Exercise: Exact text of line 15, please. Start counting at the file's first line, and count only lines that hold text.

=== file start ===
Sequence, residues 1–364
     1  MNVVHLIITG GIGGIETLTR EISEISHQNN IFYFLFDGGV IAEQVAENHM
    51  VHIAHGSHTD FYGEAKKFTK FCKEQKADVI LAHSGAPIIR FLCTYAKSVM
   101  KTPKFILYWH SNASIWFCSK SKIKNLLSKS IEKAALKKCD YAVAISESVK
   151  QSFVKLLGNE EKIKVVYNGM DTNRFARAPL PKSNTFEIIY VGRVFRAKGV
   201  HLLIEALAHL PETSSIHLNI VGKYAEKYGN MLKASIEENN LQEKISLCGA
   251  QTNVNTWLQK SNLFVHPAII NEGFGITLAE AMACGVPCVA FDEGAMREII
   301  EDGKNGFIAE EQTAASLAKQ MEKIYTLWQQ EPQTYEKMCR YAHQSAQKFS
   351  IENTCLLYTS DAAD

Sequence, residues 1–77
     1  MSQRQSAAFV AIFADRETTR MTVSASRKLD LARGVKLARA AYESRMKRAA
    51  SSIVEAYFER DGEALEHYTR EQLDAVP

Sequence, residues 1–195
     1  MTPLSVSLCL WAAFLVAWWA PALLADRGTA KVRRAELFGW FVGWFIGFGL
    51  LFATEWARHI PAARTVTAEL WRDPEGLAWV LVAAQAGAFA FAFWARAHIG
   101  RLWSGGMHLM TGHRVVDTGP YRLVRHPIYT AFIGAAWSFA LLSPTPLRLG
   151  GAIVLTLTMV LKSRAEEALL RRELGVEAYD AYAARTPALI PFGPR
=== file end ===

    51  LFATEWARHI PAARTVTAEL WRDPEGLAWV LVAAQAGAFA FAFWARAHIG